I am particularly excited about a new area of my research that is consistent with my focus on understanding the mechanisms through which social-environmental factors influence individual development. Specifically, I have begun to study and research genomics.This work extends my current research on processes by linking the influence of social adversities and supports to the implicated biological pathways building on advances that underscore the social nature of biology.
Significantly, this work is informed by an approach that is antithetical to genetic or biological determinism and instead recognizes the inextricable interplay of genes/biology and the environment drawing upon mounting evidence of the social nature of biology and gene expression. In an earlier piece in Criminology co-authored with Ronald Simons, we are strongly critical of genetic main effects and “gene-centric” models and highlight (long discussed) problematic methods and assumptions used in models that purport to show strong direct effects of genetic influences on variation in complex social behaviors. We aimed to redirect biosocial research in criminology to engage with recent and rapidly advancing knowledge on biological influences that inform what has been called the “postgenomic era” (Burt & Simons 2014). A few scholars wrote a response to this article, and we responded in a (hopefully productive and informative) commentary and discussion with scholars in the February 2015 issue of Criminology (Burt & Simons 2015).
More recently, I wrote a critique of heritability studies of adverse health outcomes for the journal Advances in Medical Sociology (Burt 2015) that continues the theme of my earlier work that we (social scientists) need to move away from studies that attempt to parse the effects of “genes” and “environments” towards studies that seek to elucidate mechanisms and pathways recognizing the interactions between genes, cells, organisms and physical and social environments. This was not a new argument, but postgenomic advances underscored the limits of a ‘gene-centric’ approach.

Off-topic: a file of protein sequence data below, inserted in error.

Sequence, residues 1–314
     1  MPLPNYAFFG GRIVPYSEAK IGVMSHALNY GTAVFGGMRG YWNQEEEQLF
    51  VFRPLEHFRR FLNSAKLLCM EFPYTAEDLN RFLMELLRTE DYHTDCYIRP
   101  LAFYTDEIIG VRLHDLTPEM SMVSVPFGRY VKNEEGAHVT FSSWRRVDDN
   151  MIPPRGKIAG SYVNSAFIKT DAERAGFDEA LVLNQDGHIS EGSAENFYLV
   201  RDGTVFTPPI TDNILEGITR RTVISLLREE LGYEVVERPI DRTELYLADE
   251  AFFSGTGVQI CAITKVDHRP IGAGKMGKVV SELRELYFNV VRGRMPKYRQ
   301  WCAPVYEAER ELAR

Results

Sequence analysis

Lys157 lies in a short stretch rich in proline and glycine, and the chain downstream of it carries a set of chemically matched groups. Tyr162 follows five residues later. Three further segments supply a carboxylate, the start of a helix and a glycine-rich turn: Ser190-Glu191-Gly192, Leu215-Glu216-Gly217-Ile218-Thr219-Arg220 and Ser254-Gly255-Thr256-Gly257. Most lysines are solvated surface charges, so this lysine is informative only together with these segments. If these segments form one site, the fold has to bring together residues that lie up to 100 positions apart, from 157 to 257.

Although some have wrongly interpreted this work as “anti-genetic” or “anti-BG” (where BG = behavioral genetics), my critiques have been explicitly focused on heritability studies (see my blog entry here).
Overall, given recent advances in our understanding of genetic function, especially the social nature of biology, there is a need for social scientists to engage with this work. Currently, with support from a K01 Mentored Research Scientist Career Development Award from NICHD, I am training in genomics to engage with this work.
Part of my K01 training involves training in the responsible conduct of research, which stimulated my interest in open science and awareness of ongoing debates, within and outside of the genomics field. Regarding the latter, Marcus Munafo and I have written a piece stimulating a discussion around what we consider to be a move away from open science in GWAS studies. This piece, resubmitted to PLOS Biology, can be found here.